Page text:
Birth Defects Res 2020 Sep 7;112(15):1126-1138. Epub 2020 Aug 7.
Department of Pediatrics, University of California San Diego, La Jolla, California, USA.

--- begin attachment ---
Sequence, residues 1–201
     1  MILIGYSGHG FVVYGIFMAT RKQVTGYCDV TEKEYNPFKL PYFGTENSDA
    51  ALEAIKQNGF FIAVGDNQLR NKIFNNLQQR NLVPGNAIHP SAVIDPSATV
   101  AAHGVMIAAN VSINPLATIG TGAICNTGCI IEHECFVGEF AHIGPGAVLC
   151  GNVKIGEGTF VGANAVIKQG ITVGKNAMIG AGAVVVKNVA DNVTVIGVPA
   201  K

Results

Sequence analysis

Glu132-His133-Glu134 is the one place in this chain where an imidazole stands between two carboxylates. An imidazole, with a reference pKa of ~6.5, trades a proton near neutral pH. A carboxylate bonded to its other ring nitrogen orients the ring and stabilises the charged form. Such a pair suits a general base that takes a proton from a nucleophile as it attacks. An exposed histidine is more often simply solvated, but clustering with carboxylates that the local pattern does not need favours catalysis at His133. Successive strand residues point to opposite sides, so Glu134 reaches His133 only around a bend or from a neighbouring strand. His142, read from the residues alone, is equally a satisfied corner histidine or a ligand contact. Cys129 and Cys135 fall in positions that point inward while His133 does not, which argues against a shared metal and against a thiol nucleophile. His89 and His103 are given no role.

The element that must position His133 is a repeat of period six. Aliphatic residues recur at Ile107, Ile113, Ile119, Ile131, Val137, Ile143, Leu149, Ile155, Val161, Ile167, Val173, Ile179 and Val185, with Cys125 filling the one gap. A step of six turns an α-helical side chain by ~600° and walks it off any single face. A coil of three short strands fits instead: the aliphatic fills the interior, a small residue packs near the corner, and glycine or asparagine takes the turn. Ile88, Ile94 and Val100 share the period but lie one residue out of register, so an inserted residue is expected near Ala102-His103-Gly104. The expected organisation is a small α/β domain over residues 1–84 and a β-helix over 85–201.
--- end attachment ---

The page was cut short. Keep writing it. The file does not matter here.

There is a strong increase in prevalence trends for cannabis use during pregnancy and lactation as more states legalize use of this drug. Information on the teratogenic risk of cannabis is limited but some important themes can be gleaned. Studies have not found a unique phenotypic signature of prenatal exposure but an increased risk of congenital anomalies, particularly gastroschisis, has been reported. Changes in fetal growth have been described in some epidemiological studies but long-term patterns of physical growth appear unaffected. Prenatal exposure to cannabis is not generally associated with reductions in global IQ but specific cognitive skills, especially attention and memory, can be negatively impacted. Long-term impacts on psychological health include increased rates of depressive symptoms and anxiety as well as delinquency. Relatively little is known about the risk of maternal cannabis use during lactation but data suggest that infant exposure is relatively low compared to maternal exposure. As delta-9-tetrahydrocannabinol (THC) levels increase to meet consumer demand and routes of exposure diversify, there is a strong need for prospective birth-cohort studies that collect biological samples to quantify exposure. Data from such studies will be critical to overcoming the weaknesses of past cannabis research and are essential to establishing reliable information on the risks of maternal use. Until that time, health care providers should be encouraged to talk about the risks and benefits associated with cannabis use during pregnancy and lactation with their patients, emphasizing that fetal and neonatal risks cannot be excluded at this time.